After watching the Port Lincoln Osprey Nest last year and Iris at Hellsgate in Montana, I vowed ‘never again’. The death of the third hatch, little Tapps, was simply too much. I vowed to stick with watching Big Red and Arthur at the Fernow Nest in Ithaca, New York, two or three Peregrine Falcon nests, and I would check in occasionally on the Royal Albatross at Taiaroa Head. But then something happened and the Achieva Osprey nest became a constant while I waited for Big Red and Arthur to start their nest renovations and the eggs to arrive and watched others periodically. I remember before the notion of competition set in that it was so lovely to see the three politely standing and being fed. It gave me hope. I watched the 2020 highlights of the Loch Arkaig Osprey nest and fell in love with Louis, Aila, Doddie, Vera, and of course, JJ7 – Captain. Tiny Tot reminds me, in a way, of the challenges that JJ7 could have had but, didn’t. Louis fished day and night to feed his family and he was on the nest helping Aila tandem feed. One took JJ7, the tiny little male, third born – the ‘tercel’. The other parent fed the two bigger ones. Everyone thrived! Just thinking about it puts a smile on my face.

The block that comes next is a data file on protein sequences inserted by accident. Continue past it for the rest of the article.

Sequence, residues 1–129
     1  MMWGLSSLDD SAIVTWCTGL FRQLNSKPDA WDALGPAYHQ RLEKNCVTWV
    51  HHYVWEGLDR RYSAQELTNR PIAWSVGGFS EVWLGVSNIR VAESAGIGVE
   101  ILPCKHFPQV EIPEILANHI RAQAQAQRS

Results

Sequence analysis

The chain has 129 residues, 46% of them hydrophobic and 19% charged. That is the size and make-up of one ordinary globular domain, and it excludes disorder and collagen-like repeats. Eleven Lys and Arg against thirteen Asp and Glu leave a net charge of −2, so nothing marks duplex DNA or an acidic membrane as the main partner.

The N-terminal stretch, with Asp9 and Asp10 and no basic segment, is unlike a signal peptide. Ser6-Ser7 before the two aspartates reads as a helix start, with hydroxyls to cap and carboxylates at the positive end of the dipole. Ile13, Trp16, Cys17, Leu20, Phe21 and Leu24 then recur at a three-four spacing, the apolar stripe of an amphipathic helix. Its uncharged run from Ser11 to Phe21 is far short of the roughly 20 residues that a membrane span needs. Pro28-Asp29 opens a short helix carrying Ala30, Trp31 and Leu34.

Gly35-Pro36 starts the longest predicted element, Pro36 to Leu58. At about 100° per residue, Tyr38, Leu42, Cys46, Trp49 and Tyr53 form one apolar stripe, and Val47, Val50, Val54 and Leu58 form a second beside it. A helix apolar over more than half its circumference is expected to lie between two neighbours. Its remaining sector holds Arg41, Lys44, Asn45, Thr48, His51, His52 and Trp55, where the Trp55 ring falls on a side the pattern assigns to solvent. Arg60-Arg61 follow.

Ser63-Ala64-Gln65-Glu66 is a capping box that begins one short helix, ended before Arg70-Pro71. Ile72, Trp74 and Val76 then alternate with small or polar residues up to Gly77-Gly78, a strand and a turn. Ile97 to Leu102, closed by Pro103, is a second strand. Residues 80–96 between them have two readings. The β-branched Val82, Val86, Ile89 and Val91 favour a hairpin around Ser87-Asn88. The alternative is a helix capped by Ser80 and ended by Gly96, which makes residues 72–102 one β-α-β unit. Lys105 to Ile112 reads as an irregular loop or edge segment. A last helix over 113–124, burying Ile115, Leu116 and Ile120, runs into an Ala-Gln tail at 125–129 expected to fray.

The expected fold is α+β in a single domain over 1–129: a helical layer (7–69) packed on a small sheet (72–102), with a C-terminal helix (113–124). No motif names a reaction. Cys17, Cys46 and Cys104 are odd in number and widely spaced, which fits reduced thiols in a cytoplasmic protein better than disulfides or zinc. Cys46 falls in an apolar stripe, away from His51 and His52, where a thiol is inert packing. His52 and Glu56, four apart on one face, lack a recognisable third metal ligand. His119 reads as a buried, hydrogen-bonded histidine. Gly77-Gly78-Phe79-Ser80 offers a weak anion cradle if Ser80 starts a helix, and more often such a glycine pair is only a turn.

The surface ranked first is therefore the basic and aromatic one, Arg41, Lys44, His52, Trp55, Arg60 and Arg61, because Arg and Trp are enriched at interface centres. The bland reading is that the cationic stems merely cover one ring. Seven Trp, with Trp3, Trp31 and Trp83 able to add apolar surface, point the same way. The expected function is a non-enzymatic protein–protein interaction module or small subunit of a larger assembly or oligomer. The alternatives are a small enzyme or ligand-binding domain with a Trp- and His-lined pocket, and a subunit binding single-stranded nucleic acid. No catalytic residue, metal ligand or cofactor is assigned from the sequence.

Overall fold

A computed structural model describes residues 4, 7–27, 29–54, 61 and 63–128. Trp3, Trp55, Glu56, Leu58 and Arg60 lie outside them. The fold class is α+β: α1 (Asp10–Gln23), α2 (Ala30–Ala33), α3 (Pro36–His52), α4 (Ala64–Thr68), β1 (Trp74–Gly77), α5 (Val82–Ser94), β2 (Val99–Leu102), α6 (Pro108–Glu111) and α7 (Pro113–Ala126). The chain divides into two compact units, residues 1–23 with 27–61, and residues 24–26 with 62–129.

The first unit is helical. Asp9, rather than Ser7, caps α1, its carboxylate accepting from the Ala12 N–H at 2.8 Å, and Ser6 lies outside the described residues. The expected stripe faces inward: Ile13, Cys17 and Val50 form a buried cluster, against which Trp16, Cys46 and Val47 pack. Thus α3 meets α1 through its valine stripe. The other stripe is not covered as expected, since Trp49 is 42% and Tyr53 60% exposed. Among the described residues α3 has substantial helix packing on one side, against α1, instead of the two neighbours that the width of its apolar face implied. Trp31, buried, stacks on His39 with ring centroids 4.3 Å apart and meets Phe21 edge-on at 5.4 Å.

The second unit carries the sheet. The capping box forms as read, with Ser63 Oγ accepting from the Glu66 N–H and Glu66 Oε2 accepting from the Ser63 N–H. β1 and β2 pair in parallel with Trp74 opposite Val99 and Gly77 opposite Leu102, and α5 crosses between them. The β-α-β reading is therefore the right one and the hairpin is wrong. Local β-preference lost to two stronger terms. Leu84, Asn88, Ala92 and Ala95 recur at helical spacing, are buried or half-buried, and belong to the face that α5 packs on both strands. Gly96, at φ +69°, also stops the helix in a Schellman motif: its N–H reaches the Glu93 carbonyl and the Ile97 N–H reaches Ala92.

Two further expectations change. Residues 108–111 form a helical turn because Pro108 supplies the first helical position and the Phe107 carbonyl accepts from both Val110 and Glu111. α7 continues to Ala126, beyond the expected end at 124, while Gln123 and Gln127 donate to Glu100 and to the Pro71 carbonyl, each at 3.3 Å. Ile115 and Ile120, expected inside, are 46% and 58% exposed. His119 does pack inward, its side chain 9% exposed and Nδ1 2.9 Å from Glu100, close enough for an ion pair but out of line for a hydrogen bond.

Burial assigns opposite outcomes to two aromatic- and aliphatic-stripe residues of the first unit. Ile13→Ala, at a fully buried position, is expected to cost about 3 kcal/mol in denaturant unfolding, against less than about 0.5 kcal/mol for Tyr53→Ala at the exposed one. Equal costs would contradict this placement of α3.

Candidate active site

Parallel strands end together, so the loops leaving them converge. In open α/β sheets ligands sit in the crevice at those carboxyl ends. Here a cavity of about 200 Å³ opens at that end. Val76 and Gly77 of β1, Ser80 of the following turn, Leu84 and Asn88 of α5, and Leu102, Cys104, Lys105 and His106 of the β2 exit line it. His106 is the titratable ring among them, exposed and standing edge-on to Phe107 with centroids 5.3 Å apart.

27 June 2020 Loch Arkaig Osprey Nest
5 July 2020. Loch Arkaig Osprey Nest

It was a very good thing that Tiny Tot, the youngest on the Achieva Osprey nest had its own private feeding yesterday from 4:27-4:48. Tiny was so full that even with Diane insisting, he could not hold another bite. Today, he had only about five small morsels of fish. The two early fish deliveries were too small to fill Tiny up never mind 1 and 2. But Tiny did bide his time and got up when there was some fish left to have 2 step in and decide it was not full enough. Having waited long enough for Jack to deliver food, Diane brought in a nice sized fish to feed all at 7:22. Then Jack showed up, with a crop, and took it before she could even feed a bite to the chicks. It was dark when Jack returned the fish but, I bet he ate the nice head. Normally, I would agree he should. It is hard work fishing – they say that they have a 20% success rate. But Jack had a crop. Neither Diane or Tiny got more than a couple of bites. Of course, the question remains ‘why’. The pattern is roughly three good days and three relatively poor ones. I hope that tomorrow Jack proves me wrong.